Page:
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The making of Dead Space

The story behind EA's giant leap into the unknown

"Oh, we had to cut tons." Chuck Beaver, Dead Space's producer and the man with the world's coolest name, is a refreshingly honest speaker, and after a cagey interview earlier in the day it's good to speak with somebody prepared to chat openly about the game's production. "It's f**king great to finally talk about this - I've had to keep quiet for three years!" he laughs as we're introduced.

He's grinning from ear to ear and it's obvious to see why. Dead Space has been 2008's most startling surprise, appearing from deep within EA's internal studios with relatively little fanfare to worldwide praise. Born out of an idea for an Escape From Butcher Bay-style game, the project soon transformed into a Resident Evil 4 clone which became the spearhead of EA's drive for new game series'. "Rather than presenting the board with concept ideas we kept making vertical slices and they kept giving us the green light. From there the comic and movie just felt like a natural extension - we wrote a huge story and the game only covered a small part of it."

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Piecing together an engine to rival Resi 5's is no easy task, but neither is it as tough as you might think. "It's been around for years," explains Chuck. "Since before The Godfather, even. For Dead Space our tech guys really went all out on the lighting and the rendering, although really we've just combined all the separate technologies we were working on at Redwood Shores so that our different teams can work with the same platform."

But it's technology that's staying at the Californian development studios, contrary to recent reports suggesting otherwise. "Glen (Schofield, executive producer) was some-what misquoted about the licensing of the engine. We've secured it for our people to work with on future projects, but there are no plans to license it out (to anyone else)."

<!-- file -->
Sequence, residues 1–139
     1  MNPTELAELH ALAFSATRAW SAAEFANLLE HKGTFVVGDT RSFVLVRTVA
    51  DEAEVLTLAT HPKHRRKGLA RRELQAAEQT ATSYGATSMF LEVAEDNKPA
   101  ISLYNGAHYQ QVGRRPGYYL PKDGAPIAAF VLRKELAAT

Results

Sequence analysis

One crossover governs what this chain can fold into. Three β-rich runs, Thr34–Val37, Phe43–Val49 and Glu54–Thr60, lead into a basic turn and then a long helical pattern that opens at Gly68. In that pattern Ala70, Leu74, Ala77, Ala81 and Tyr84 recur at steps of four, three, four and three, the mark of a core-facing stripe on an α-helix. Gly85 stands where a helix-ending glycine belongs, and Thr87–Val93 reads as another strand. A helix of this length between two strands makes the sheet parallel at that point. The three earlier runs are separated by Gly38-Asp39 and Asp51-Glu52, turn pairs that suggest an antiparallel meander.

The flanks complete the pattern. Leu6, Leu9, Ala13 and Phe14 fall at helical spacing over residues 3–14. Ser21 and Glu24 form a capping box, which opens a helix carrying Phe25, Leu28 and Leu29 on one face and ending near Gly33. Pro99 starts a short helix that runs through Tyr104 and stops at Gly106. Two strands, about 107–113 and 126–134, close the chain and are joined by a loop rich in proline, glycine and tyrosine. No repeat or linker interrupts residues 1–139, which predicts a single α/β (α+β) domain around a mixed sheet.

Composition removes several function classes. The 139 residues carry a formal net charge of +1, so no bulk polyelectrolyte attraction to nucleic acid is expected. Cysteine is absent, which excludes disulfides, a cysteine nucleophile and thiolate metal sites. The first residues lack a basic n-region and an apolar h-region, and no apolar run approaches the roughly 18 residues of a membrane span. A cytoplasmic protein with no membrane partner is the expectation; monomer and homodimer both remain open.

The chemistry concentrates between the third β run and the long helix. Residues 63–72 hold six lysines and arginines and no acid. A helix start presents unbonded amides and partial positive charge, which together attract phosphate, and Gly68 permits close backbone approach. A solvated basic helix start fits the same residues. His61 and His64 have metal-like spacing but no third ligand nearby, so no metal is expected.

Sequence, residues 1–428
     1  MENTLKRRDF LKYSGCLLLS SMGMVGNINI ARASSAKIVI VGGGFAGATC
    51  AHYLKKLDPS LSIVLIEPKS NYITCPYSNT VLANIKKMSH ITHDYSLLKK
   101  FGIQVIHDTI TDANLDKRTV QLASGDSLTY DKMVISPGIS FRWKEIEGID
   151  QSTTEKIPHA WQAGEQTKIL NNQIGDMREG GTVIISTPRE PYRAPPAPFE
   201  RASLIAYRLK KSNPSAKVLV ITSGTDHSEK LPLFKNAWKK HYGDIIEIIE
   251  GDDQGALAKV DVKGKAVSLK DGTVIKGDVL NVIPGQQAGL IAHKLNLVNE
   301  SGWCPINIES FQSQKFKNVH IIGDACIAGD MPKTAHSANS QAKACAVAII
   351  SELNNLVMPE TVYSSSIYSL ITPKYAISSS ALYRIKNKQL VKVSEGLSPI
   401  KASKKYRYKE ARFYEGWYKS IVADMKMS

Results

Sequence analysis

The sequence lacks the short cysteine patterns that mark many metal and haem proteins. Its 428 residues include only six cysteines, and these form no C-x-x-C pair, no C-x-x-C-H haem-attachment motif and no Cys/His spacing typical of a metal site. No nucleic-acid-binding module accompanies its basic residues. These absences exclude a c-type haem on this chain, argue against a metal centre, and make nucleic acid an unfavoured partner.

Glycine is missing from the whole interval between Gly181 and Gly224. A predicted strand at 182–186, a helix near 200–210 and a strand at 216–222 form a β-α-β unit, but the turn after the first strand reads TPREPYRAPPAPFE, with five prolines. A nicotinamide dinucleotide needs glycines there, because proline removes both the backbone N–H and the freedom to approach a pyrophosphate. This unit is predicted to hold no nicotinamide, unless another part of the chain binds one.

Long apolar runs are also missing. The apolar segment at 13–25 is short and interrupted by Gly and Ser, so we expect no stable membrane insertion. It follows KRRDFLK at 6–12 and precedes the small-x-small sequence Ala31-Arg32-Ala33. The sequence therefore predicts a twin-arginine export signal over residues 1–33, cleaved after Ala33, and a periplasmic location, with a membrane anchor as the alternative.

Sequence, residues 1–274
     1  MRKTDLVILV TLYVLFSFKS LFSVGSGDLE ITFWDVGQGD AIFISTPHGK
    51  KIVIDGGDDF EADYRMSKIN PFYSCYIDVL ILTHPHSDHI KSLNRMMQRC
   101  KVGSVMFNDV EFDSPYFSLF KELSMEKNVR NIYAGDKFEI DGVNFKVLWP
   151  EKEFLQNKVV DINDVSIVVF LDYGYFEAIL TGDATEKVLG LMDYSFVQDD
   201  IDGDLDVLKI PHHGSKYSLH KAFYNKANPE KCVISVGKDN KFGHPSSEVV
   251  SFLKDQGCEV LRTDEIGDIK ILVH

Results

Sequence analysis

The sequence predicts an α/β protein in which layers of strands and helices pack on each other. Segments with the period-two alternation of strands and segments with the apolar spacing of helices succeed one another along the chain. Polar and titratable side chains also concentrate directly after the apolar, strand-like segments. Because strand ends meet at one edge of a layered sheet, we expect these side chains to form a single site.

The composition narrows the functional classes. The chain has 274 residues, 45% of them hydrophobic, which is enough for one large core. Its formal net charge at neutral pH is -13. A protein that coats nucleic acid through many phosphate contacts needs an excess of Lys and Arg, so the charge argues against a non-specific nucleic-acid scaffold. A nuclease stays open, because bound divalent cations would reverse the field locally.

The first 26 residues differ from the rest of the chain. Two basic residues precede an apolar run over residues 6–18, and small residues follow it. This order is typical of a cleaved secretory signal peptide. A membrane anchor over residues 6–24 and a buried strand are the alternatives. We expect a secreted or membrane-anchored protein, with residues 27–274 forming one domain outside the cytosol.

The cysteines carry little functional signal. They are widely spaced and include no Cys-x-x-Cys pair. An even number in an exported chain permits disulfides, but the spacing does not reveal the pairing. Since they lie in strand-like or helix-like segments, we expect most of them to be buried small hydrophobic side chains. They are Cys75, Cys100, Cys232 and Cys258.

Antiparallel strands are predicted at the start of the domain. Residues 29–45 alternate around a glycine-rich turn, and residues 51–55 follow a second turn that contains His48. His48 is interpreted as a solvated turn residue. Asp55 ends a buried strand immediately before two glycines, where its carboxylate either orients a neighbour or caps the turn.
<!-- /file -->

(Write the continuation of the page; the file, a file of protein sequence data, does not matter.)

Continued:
A great engine alone isn't enough to guarantee a great game, however, something you need only look at the gulf in class between Gears of War 2 and the multitude of other Unreal 3 powered games on the 360 to see. The key to Dead Space's success was not just the engine but to evolve each of the game's many elements by an iterative procedure. "We'd just playtest until it was spot on," quips senior producer Steve Papoutsis. "Everything was prototyped and prototyped. Take Zero G; we went through a few different control options until we found the right one."

Time for Chuck to reveal the details: "We had this system when your weapons would emit a pulse. You could propel yourself around, and even stop mid-air if you did it right. There was a proper third-person camera too, although we never designed a jet pack style motion where you were 'flying' around. In the end we needed to make it more accessible though; the player needed to focus less on the movement and more on the strategy of just where to go. We got to a point where we had to consider all the animations for the other camera angle. Separate animations were required for your different speeds and weapons and so in the end we opted for the 'point and shoot' style instead."

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The enemies list didn't survive the production unscathed, either. Extra bosses and multi-limbed creatures were given the chop, along with flying necromorphs and a couple of extra weapons to take them all down with. But one of the biggest issues wasn't with the mining tools but Isaac's other powers, namely stasis and kinesis.

"The player could break the game," chuckles senior gameplay designer Wright Bagwell as we mention the 'S' word. "Stasis had no cost, but our designers went in and decided it had to be a commodity or else you'd use it on every enemy to waltz through the game." But whereas focus groups highlighted the need to curb stasis usage, the opposite was true for kinesis. "There was never a detriment to using kinesis all of the time. Plus the ability to pick up and throw things when you ran out of ammo was a key feature, and we never wanted to make you feel completely helpless by removing that."

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